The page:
Integrated clinical analytics opens new vistas for healthcare providers 

The explosion of available health data is giving organizations the opportunity for the first time to leverage critical data analysis for key services such as financial and clinical decision support management.

This week, a report from Transparency Market Research (TMR) found that the global IT spending on clinical analytics reached $11.6 billion in 2015 and is projected to reach $32.4 billion by 2024.

The high demand of integrated clinical analytics solutions stems from their dynamic nature and ability for users to extract data from clinical documents synched with the system, such as (electronic health records) EHR, using the data to generate key insights, TMR said.

As a result, this spending makes sense when seen as the means to leverage programs offering actionable insight previously unavailable to healthcare leaders, Stefano Bertozzi, dean and professor of health policy and management at the UC Berkeley School of Public Health, said recently in Healthcare IT News.

"But to the extent that we are increasingly able to correct for other factors that create differences, Big Data can reveal what the differences in performance really are," he said. "And, as a result, what are the interventions that are effective for improving the performance."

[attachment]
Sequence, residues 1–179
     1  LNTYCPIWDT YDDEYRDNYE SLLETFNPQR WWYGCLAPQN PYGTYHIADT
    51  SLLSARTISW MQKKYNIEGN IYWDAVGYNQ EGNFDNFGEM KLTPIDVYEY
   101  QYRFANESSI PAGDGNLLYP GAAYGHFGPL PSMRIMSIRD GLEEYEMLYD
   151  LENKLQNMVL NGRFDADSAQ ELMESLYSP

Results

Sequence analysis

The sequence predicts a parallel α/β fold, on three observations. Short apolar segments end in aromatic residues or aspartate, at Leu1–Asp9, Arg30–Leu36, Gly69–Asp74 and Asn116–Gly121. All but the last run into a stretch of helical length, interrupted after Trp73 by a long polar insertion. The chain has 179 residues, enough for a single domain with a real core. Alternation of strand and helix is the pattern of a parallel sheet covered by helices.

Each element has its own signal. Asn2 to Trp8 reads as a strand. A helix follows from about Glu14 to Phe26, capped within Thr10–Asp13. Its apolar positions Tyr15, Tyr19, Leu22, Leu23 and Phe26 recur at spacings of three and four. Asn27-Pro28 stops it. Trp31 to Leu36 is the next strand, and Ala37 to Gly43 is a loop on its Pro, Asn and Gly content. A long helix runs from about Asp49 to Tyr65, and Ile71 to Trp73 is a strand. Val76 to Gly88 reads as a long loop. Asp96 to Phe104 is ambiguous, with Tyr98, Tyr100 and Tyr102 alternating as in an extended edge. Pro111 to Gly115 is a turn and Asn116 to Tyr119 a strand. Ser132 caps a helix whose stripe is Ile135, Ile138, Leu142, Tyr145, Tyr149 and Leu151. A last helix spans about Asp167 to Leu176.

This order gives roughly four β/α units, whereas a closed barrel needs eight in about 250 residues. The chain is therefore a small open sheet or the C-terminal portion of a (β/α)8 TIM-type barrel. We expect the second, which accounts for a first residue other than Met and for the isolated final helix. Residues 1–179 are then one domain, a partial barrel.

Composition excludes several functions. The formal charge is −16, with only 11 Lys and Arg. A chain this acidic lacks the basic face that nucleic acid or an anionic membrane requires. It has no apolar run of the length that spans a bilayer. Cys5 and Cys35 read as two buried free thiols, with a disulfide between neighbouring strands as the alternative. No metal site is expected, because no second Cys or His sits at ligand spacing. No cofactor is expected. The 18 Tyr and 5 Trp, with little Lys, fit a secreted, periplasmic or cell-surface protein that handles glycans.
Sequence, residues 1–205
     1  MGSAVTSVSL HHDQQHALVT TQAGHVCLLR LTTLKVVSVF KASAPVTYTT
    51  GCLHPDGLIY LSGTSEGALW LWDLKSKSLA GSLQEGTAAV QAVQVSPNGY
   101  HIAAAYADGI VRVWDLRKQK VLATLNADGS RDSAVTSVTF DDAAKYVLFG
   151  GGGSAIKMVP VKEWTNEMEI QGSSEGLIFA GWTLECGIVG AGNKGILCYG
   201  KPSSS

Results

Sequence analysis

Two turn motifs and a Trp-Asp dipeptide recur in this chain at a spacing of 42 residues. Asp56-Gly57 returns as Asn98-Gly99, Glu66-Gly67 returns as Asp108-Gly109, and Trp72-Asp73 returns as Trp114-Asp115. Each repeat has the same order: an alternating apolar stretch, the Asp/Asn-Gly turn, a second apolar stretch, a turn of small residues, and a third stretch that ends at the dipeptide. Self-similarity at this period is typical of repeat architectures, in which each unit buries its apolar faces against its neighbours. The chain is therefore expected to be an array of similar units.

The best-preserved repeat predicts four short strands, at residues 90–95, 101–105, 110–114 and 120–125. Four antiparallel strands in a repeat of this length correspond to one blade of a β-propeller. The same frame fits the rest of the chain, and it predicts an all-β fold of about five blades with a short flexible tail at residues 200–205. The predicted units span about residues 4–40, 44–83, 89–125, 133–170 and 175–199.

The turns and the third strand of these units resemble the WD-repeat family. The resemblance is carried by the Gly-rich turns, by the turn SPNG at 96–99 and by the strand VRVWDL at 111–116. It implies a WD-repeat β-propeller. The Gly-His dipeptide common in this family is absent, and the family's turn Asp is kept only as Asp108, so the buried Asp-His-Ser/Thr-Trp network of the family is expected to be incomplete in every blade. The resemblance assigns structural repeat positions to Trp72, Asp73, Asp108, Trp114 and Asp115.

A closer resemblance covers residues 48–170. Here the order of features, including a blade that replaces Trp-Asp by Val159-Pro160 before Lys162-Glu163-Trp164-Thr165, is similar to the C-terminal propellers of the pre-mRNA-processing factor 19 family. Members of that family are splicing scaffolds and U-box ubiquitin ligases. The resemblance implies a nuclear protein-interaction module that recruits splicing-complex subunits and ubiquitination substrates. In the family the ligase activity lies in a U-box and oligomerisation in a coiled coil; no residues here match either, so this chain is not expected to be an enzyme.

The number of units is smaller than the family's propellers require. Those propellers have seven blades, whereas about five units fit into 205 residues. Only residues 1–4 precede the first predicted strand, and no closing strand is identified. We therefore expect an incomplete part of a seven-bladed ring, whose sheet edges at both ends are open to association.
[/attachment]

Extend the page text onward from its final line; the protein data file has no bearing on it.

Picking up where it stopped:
LUMEDX is leveraging analytics for healthcare leaders to access new insights in key operations. LUMEDX's HealthView Analytics and Cardiovascular Performance Program (CPP) delivers immediate access to the clinical and financial information needed for success in value-based healthcare: registry, outcomes, and risk data; operational data; physician scorecards; and more.

By offering meaningful analytics that enable you to monitor, measure, and improve all aspects of CV services, LUMEDX's data intelligence tools and packages help drive performance while reducing costs.

 
 

Adventist Health System Joins LUMEDX Family 

LUMEDX is pleased to announce that we've welcomed another new client to our family: Adventist Health System. The faith-based health system is headquartered in Florida and has 45 hospital campuses with more than 8,300 licensed beds in nine states.

Implementation of LUMEDX's Cardiovascular Information System in the Adventist organization will begin at Florida Hospital Tampa. The next phases of the long-term CVIS project will be implemented at nine Central Florida facilities.

"LUMEDX has been working with Adventist Health System facilities for nearly 20 years, and during that time our partnership has produced a track record of success," says Mickey Norris, vice president and general manager at LUMEDX. "We're extremely proud to help meet Adventist Health System's cardiovascular information needs into the future. Our tools will provide operational, clinical and financial analytics that will allow Adventist Health System to quickly identify best practices in each of its cardiovascular facilities-maximizing efficiencies and minimizing costs."

The LUMEDX solution will:

  • Provide analytical tools that facilitate data-driven decisions in Adventist Health System's cardiovascular service lines
  • Connect independent data sources
  • Eliminate duplicative data collection
  • Provide remote access to the CVIS for physicians
  • Provide a comprehensive structured reporting solution with systemwide image management
  • Support compliance with federal, state and professional oversight bodies